Epsom salt is very different from table salt. The word salt in Epsom salt is used because of the similar chemical composition. Interestingly, the name Epsom comes from Epsom, a small town in England, where Epsom salt was discovered. Epsom salt has multiple uses, you can treat constipation, sleep problems, stress, and fungal infections with Epsom salt. Epsom salt is also beneficial for plants. It can be used to provide nutrients as well as control fungal infections in plants. If you want to try organic gardening, and wondering how to use Epsom salts for your plants, we have covered some key areas where you can use Epsom salt in organic gardening.
Epsom salt is actually hydrated magnesium sulfate and based on its name, it contains magnesium which is one of the important nutrients for your plants, especially vegetables. That is why experienced gardeners called Epsom salt a “major-minor nutrient.” This “salt” will help speed up your plant growth, it will increase your plants’ nutrient update, increase the flavor of your fruit, and most of all, it will give a boost to your plants’ health as a result, it will provide you with sweeter and tastier vegetable from your garden.
How to you apply Epsom Salt on your plant?
- Before planting, mix 1 cup of Epsom salt into your soil per 100 square feet. This will help seeds germinate fast and seedling grow rapidly.
- When you are transplanting seedlings, add little bit of Epso salt in each hole where you are planting the seedling. However, to avoid burhing cover Epsom salt with a think soil layer before placing the plant.
- Alternatively, you can also soak the roots of the seedlings in Epsom salt water (halt cup Epsom salt in one gallon water. This will make plants immune to infections.
- Another way to use Epsom salt is sprinkling a thin layer of Epsom salt around the stem of the seedling and then eatering the plant.
- You can also water your plants with Epsom salt solution by adding 2 tablespoons of Epsom salt to a gallon of water to boost and improve the overall health of your plants.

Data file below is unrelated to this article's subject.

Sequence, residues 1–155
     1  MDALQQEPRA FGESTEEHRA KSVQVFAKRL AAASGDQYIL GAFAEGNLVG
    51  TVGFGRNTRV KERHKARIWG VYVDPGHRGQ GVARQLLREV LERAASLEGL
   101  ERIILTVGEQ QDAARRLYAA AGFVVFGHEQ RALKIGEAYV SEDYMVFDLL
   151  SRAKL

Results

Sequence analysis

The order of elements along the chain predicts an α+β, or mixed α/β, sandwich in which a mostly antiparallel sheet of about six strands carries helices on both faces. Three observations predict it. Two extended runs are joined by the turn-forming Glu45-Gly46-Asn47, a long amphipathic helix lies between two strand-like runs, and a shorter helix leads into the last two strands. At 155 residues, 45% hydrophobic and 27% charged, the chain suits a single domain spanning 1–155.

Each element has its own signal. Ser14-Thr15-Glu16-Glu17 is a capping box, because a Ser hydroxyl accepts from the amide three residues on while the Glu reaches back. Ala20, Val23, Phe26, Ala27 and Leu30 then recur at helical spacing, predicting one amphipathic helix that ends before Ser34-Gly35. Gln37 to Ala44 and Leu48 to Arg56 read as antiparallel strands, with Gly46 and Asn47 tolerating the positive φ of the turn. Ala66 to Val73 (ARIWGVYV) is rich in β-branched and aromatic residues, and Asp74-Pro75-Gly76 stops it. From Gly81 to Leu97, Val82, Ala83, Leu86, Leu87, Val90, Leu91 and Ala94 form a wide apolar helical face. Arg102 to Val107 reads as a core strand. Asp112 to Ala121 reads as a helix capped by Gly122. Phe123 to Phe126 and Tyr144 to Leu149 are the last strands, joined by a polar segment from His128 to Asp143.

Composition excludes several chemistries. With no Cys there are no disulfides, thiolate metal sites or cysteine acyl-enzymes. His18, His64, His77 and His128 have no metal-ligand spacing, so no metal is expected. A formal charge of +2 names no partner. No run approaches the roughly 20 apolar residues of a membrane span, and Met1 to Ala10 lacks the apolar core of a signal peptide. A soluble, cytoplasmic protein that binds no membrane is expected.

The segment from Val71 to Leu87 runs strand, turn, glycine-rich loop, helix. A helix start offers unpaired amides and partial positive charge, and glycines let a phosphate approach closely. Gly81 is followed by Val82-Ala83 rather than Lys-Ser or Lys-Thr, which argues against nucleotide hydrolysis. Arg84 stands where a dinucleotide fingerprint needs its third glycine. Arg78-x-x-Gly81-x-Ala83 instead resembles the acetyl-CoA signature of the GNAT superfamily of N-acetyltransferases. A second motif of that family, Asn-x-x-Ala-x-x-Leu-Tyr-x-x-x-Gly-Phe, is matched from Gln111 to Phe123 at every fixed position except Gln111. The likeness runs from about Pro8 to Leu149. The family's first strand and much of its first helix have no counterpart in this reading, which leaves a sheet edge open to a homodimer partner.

How does Epsom salt help your plants?
- It improves nutrient absorption capacity. One of the primary benefits of using Epsom salt is it improves nutrient absorbing capacity in plants. That is the reason why tomatoes need Epsom salt two times more than any other plant. Tomato plants need calcium to prevent blossom-end rot and calcium compliments with magnesium in order to yield better and also make the fruits sweeter. You can make Epsom saltwater solution and spray on your tomato fruits. You can also water your tomato plants with at least 2 tablespoons of Epsom salt per gallon of water every two weeks. Just like the tomatoes, peppers also like Epsom salt. Use Epson salt and Epsom salt solution to water or spray on your peppers for higher yields.
- It will improve seed germination. The magnesium in Epsom salt will help in the germination of seeds and it will strengthen the cell walls leading to stronger seedlings.
- Prevents transplant shock. Sometimes when you transplant seedlings, the seedling cannot survive the new environment thus dies. However, you can use Epsom salt to help your transplanted seedlings to cope in a new environment. Epsom salt will also help root injury if any during the transplanting.
- Makes leaves greener. Pale leaves mean the plants are not getting enough magnesium. When the plant does not get enough magnesium, chlorophyll will not be produced in enough amount and leaves will lose green color. Epsom salts contain a lot of Magnesium. You can spray Epsom saltwater on your plant every 3-4 weeks.